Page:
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    Ukraine Calls Up Reservists as PM Warns of Looming 'Disaster'

    Ukraine's interim government ordered a full military mobilization Sunday, in an effort to counter what its new prime minister says is a Russian act of war.

    In an address to parliament, Prime Minister Arseniy Yatsenyuk warned that "we are on the brink of disaster." He spoke as Russian troops bolstered their presence on Ukraine's Crimean peninsula, and Western governments issued repeated condemnations of the Russian deployments.

    With Russian forces surrounding Ukrainian airports and military bases, Germany said Russian President Vladimir Putin has agreed with Chancellor Angela Merkel to set up a fact-finding mission on Ukraine.

    A German government spokesman did not provide details. But he said the mission and an accompanying "contact group" aimed at generating Ukrainian-Russian dialogue could be led by the Organization for Security and Cooperation in Europe -- the continent's largest conflict management and crisis prevention group.



    Earlier Sunday, Russian news agencies said President Vladimir Putin told U.S. President Barack Obama late Saturday that Moscow reserves the right to protect ethnic Russians in Crimea and eastern Ukraine.

    In Kyiv, prosecutors have opened a treason case against the newly appointed head of Ukraine's Black Sea fleet, after he renounced his post and swore allegiance to pro-Russian leaders in Crimea. Authorities said Admiral Denis Berezovsky, appointed Saturday, offered no resistance later in the day when his headquarters in Sevastopol were surrounded by Russian troops.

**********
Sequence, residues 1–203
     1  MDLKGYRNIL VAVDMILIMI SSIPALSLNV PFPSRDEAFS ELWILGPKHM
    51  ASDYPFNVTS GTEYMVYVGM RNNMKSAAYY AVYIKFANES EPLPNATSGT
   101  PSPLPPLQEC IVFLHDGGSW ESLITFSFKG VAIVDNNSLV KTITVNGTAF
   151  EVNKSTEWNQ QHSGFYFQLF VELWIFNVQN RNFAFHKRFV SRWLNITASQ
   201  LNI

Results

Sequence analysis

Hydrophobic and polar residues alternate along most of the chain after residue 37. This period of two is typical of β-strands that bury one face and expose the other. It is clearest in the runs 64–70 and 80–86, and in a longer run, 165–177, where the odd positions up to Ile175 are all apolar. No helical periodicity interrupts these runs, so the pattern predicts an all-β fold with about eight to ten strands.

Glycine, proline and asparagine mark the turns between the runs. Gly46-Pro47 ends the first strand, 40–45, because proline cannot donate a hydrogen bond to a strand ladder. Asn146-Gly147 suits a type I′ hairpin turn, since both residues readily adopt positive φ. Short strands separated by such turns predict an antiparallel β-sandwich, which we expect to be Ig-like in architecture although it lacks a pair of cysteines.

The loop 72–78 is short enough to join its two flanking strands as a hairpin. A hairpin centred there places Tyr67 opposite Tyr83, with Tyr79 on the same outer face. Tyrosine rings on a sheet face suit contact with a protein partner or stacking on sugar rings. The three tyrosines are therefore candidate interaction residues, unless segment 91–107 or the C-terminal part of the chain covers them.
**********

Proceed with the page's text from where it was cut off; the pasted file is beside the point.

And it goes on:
Elsewhere Sunday, Russia's Interfax news agency quoted Crimean parliament speaker Volodymyr Konstanynov as saying parliament will decide Monday on the date of a Crimean referendum that will give voters a choice between independence from Ukraine, continued autonomy within Ukraine or annexation by Russia. The vote was originally set for May 25, but the report said it could be moved up to March 30.

    In Washington, President Obama spoke with British Prime Minister David Cameron, German Chancellor Angela Merkel, and Polish President Bronislaw Komorowski in a separate phone calls. The leaders expressed ``grave concern'' over Russia's intrusion into Ukraine.

    U.S. Secretary of State John Kerry blasted the Russian deployments, calling them "an incredible act of aggression." He warned of potential economic sanctions against Moscow for military actions he likened to "19th century" behavior on a "completely trumped-up pretext." Officials in Washington say Kerry will travel to Ukraine on Tuesday to meet with its new leaders and lawmakers, and to restate U.S. economic and diplomatic support for Ukraine.

    Also Sunday, dozens of protesters gathered outside the Russian Embassy in Washington D.C. to demand Russians leave Ukraine alone.

    Ukraine's top security official, Andriy Paruby, says military reservists are mobilized to "ensure the security and territorial integrity of Ukraine." But many Western analysts are questioning the effectiveness of the call-up, saying Ukraine's limited military capabilities are no match for Russian military might.